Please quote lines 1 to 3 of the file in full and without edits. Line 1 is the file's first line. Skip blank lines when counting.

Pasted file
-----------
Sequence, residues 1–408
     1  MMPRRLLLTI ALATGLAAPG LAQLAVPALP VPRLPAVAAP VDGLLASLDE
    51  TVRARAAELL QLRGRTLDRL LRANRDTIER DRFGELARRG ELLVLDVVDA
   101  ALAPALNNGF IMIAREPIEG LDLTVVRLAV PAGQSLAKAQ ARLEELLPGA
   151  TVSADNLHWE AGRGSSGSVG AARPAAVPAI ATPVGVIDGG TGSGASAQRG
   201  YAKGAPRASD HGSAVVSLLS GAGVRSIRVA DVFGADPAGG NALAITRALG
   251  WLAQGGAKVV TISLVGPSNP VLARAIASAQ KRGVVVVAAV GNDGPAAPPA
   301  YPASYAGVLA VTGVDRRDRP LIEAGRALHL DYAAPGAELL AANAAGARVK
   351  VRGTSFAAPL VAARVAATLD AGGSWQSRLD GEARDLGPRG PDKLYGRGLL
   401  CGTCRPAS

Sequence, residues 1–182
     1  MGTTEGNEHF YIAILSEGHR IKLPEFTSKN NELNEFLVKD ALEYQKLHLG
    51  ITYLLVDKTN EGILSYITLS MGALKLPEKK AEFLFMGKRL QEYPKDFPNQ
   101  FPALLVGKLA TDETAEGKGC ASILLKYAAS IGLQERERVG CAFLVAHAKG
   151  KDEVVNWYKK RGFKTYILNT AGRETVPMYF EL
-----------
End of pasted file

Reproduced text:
Sequence, residues 1–408
     1  MMPRRLLLTI ALATGLAAPG LAQLAVPALP VPRLPAVAAP VDGLLASLDE
    51  TVRARAAELL QLRGRTLDRL LRANRDTIER DRFGELARRG ELLVLDVVDA